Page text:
By Roy Kasten
Even with his used-car-salesman name and pop sentimentality — song title "The World Exploded Into Love" isn't ironic — Bob Schneider still belongs to the Texas songwriter tradition, and not just because he remakes blues progressions in his own anti-hipster image. Or because he leads a band that fuses twang and rock 'n' roll like ZZ Top did when still on top of the charts. Schneider cares about songcraft — be the compositions satirical or bittersweet — even when he lets the yacht rock flow. Hoist a piña colada or just a longneck with him in concert; his stories and humor always have the bite and charm of his native Austin.
w/ Loverboy, Tommy Tutone 7 p.m., $45-$90. Family Arena, 2002 Arena Parkway, St Charles, 636-896-4200.
By RFT Staff
Some may find the rabid devotion of Rick Springfield's fans perplexing, but if his seveteen Top 40 hits, including "Jessie's Girl", or his run on General Hospital
as Dr. Noah Drake didn't convince you, watching him blast out live performances with straight-on charisma most certainly will. Somewhere in between the introvert plagued with lifelong depression and the 60-something extrovert who still performs 80 to 100 high energy concerts a year lies the real Rick Springfield, and for most fans that amounts to much more than a celebrity crush.
The Bump & Hustle
w/ Shiro Schwarz, DJ MAKossa, Nappy DJ Needles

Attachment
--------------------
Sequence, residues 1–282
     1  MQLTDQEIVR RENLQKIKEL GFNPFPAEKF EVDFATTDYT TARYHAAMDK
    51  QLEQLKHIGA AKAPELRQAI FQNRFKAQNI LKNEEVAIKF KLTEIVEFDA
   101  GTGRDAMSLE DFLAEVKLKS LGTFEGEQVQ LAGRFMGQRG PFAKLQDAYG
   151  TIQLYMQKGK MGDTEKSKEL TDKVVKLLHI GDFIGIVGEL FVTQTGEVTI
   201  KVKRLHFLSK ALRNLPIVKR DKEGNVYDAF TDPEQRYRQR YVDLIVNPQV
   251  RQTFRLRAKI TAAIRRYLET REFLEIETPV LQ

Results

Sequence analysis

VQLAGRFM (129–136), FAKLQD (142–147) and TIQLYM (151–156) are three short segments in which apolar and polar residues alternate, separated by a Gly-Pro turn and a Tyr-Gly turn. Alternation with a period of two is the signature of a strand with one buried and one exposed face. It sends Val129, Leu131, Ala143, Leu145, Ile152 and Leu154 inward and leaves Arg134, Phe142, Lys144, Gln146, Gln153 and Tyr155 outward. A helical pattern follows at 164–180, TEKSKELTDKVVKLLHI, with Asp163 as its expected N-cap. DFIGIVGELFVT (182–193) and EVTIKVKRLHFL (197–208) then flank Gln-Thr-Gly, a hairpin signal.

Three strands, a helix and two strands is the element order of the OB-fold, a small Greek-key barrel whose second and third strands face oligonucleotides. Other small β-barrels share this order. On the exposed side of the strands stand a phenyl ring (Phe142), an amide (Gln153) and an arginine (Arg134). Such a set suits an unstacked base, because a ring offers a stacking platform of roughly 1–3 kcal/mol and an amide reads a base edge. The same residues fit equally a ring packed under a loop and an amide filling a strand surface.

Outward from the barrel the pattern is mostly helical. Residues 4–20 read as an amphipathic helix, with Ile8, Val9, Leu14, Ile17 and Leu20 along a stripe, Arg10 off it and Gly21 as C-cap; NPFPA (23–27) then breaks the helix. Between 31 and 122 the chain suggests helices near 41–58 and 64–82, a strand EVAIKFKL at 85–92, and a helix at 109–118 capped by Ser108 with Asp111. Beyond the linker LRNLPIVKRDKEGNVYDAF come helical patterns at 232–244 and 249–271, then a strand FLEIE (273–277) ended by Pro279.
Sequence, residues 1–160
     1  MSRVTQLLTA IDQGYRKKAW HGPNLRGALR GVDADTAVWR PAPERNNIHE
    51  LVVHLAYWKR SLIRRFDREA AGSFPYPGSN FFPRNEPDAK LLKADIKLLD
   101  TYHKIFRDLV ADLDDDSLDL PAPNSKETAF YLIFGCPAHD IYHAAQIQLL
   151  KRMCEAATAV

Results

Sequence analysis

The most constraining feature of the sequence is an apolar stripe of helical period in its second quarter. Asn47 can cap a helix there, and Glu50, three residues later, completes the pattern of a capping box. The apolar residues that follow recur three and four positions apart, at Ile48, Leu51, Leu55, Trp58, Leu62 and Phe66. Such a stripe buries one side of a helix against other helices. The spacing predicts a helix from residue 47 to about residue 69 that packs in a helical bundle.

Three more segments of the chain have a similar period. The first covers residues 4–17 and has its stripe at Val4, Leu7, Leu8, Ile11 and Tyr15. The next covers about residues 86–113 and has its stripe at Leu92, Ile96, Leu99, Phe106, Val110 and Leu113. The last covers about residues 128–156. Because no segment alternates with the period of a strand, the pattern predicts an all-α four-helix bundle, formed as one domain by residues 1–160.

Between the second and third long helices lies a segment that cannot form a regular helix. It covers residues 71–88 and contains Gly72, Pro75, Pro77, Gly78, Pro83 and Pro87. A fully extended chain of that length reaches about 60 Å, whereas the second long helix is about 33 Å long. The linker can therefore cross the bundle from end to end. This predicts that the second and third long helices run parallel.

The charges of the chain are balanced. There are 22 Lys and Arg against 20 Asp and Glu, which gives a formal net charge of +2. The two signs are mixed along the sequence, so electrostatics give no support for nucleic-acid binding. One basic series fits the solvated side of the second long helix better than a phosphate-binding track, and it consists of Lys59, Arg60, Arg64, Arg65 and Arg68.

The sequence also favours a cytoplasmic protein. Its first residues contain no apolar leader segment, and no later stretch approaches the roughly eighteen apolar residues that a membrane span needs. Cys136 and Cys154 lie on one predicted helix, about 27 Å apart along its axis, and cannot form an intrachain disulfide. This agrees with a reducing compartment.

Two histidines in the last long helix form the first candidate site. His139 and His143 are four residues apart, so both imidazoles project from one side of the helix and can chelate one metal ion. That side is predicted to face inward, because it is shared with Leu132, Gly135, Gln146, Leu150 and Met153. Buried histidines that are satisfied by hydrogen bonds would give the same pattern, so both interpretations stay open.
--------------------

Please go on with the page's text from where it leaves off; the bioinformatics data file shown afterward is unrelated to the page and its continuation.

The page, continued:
9 p.m., $5. Blank Space, 2847 Cherokee St., St. Louis.
By Mabel Suen
On the third Saturday of each month, Blank Space overflows with a varied crowd of enthusiastic attendees, ready to mingle and dance during its monthly the Bump & Hustle event. What's the draw, exactly? Piles and piles of vinyl. Resident DJs MAKossa and Needles have years of collective experience with mixing and matching tracks under their belts, melding funk, soul, boogie, disco, hip-hop, psych and more. This Saturday's show also includes a live performance by Mexico city-based funk duo Shiro Schwarz, making for an extra special affair.
SUNDAY OCTOBER 16
8 p.m., $12-$15. The Firebird, 2706 Olive St., St. Louis, 314-535-0353.
By Niles Baranowski
Since 1981, Shonen Knife has been providing the aural equivalent of a Hello Kitty lunch box to hipster stereos everywhere. Yes, you read that year correctly. The Knife has been dishing out its brand of half-broken-English, food-obsessed power-pop longer than some listeners have been alive. The all-girl Japanese group has been "cute" for longer than Madonna's been "sexy," outlasted their best-known patron (Kurt Cobain, who took them on the road before Nevermind
broke) and probably opened the door for Japanese rock in the United States. Seeing them live in all their kawaii (Japanese for "cute") glory is like a sugar rush straight to the eardrums.
Hoots & Hellmouth
6 p.m., $10. The Bootleg, 4140 Manchester Ave. 314-775-0775.
By Roy Kasten
Hoots & Hellmouth is a string band that plays rock & roll, with nods to the Holy Modal Rounders and the Avett Brothers, but with a knack for biting social critique and an abandon that doesn't sacrifice chops or cohesion, even as the foursome leaps above the stage and stomps the floorboards to splinters. This is a group determined to make something wholly its own out of string-band blues, DIY punk, and tent-revival wailing and harmonizing.